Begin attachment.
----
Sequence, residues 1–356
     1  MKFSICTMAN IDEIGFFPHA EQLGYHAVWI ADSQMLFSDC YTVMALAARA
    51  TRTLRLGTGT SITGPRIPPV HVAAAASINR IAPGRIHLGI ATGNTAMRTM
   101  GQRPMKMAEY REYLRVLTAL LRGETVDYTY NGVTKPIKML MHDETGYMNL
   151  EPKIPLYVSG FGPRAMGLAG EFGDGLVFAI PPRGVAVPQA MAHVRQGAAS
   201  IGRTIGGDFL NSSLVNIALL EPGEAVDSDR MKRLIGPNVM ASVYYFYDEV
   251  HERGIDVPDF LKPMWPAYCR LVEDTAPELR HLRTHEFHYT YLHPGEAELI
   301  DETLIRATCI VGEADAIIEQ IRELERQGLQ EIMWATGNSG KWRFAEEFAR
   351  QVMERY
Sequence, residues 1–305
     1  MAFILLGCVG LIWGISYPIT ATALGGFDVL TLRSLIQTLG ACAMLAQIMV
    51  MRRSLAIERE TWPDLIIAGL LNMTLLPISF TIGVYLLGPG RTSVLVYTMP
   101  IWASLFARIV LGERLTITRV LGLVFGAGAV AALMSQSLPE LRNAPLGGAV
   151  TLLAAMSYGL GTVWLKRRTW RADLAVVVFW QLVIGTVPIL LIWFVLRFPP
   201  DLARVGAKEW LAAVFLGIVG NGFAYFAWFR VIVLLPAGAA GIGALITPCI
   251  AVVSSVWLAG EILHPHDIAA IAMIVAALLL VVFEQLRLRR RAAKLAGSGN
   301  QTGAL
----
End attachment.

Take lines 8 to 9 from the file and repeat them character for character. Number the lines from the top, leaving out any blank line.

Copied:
   301  DETLIRATCI VGEADAIIEQ IRELERQGLQ EIMWATGNSG KWRFAEEFAR
   351  QVMERY